Just when you think a human being couldn’t possibly get any worse, especially a young one who’s still in the process of growing up … another horror story hits the media.
There used to be a solid legal rationale for not charging juveniles as adults. It has to do with a grown-up sense of responsibility -- what used to be called “the age of reason.” Children do not understand many things about life, death, and adulthood -- especially the nature of mortality -- and therefore, like the insane or mentally disabled, they should not be held to the same legal standard of individual responsibility as an adult. But when juveniles cause death and horrific pain with planned acts of malicious violence, it’s hard to say they need counseling and time to grow up further, and leave it at that.
It’s too early to know what really happened in this horrifying incident, or where the blame or justice ultimately should lie, but the larger issue of how to try and punish or rehabilitate youngsters who commit violent acts needs to be addressed, publicly and legislatively. Surely trying them as juveniles and letting them go when they turn 21 is unacceptable. But locking up every offender and throwing away the key is not necessarily the answer, either. Whether prisons or work camps rehabilitate teens or not is and will always remain an open question: some are undoubtedly hardened by the experience, others evidently grow beyond it, depending on the individual and the kind of people who surround him (for they are mostly hims, after all) during incarceration.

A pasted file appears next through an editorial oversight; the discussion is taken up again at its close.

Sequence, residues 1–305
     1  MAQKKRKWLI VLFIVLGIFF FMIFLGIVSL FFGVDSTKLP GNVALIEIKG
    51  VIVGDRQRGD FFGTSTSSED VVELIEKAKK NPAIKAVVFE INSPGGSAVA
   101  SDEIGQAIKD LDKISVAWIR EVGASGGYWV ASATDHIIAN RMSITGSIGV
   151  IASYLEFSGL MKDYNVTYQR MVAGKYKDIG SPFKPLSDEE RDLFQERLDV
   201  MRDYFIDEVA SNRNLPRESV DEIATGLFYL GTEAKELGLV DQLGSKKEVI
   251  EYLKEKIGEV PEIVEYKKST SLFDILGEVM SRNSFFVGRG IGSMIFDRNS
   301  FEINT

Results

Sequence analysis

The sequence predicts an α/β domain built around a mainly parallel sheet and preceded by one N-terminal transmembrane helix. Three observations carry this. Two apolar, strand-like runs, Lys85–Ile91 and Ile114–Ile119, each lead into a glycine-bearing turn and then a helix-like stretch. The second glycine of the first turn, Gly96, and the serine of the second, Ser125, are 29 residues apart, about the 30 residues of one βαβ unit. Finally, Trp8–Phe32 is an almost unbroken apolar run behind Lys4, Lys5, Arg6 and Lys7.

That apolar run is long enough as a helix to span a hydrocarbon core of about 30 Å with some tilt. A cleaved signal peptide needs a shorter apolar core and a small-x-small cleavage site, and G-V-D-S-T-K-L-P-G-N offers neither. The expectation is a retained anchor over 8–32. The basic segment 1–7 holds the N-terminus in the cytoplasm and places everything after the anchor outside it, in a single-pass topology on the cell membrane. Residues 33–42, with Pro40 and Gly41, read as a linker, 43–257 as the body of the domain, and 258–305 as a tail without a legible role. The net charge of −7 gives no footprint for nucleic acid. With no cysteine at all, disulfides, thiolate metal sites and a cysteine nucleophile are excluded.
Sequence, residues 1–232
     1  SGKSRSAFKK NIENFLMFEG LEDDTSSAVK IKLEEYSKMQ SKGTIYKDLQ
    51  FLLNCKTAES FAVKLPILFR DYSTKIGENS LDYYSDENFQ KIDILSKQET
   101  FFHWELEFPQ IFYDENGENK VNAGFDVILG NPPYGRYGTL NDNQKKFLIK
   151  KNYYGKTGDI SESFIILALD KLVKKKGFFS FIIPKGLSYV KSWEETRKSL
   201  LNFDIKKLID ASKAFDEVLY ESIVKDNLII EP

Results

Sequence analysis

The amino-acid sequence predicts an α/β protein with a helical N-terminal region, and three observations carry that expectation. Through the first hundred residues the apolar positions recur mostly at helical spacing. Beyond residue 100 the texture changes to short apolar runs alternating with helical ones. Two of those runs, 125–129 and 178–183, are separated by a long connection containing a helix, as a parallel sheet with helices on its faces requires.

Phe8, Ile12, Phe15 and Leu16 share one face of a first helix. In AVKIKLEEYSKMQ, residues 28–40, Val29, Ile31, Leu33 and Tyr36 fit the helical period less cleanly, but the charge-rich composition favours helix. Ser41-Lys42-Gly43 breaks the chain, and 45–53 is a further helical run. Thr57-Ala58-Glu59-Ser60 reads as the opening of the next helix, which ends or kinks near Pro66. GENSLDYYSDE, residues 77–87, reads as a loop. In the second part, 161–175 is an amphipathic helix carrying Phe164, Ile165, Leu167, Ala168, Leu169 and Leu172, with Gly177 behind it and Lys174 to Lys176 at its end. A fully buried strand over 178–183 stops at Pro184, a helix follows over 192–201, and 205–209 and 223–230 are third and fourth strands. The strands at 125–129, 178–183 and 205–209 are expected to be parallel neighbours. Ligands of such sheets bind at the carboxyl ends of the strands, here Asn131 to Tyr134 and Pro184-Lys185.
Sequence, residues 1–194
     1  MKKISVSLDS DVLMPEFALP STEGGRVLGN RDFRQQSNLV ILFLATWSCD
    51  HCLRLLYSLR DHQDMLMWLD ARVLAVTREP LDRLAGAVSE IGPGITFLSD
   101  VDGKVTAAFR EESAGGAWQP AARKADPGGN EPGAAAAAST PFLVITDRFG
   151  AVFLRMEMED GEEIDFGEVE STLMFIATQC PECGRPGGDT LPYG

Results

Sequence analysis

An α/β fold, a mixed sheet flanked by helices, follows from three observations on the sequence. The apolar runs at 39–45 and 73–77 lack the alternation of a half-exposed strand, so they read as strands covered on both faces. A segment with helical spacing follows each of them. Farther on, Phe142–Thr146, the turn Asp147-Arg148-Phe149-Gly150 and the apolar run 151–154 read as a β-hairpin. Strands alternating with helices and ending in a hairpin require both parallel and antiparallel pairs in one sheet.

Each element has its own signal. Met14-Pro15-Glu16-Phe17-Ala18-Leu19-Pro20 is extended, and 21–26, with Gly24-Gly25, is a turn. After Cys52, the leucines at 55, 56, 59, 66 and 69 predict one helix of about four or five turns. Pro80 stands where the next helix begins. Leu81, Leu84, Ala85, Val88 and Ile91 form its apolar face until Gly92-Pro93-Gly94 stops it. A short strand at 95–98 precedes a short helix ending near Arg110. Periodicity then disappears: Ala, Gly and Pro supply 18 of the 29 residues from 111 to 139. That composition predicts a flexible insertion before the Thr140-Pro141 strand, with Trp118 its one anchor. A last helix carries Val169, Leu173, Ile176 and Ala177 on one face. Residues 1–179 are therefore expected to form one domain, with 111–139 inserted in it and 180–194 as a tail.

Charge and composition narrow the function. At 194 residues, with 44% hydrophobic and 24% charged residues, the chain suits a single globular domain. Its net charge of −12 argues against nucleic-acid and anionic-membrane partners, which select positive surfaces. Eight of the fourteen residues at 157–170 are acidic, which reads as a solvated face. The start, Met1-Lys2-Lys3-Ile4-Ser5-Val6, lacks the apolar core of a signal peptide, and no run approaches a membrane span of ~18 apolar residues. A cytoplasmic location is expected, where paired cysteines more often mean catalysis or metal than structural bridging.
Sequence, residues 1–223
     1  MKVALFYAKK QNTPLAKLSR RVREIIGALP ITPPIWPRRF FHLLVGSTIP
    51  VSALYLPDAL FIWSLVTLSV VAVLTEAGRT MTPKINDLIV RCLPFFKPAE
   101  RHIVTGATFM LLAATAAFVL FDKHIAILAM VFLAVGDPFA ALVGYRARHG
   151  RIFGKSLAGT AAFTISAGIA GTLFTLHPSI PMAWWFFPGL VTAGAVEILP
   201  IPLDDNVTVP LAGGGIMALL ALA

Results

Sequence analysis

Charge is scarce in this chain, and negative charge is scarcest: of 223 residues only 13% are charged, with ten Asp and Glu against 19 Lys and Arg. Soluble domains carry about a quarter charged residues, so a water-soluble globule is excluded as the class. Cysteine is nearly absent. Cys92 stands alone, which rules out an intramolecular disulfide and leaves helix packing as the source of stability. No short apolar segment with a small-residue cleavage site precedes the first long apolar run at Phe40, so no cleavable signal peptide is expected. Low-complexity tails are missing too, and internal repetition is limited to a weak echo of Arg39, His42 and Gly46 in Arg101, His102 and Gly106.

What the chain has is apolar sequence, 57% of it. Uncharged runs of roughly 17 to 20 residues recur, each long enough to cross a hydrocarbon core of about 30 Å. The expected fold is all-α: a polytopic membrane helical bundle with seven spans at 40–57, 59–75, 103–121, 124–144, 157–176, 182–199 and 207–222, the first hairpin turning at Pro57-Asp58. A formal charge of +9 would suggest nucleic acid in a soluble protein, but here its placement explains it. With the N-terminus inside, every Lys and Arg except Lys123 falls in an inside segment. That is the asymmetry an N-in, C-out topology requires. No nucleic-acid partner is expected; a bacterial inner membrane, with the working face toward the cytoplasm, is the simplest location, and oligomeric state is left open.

Perhaps a part of the answer lies in trying such ostensible monsters as juveniles but setting punishment and rehabilitation at a stiffer, more hefty standard, based on the severity of the crime, with treatment and release depending on the offender’s behavior thereafter. I think the convicted offender should simply have to spend a lot of time in the company of the victim (especially if the victim is severely injured or in a coma), assisting her or him if possible, and working off some portion of restitution -- assuming this could be done safely. That would one possible way to help the wrongdoer comprehend the enormity of his carelessly monstrous act.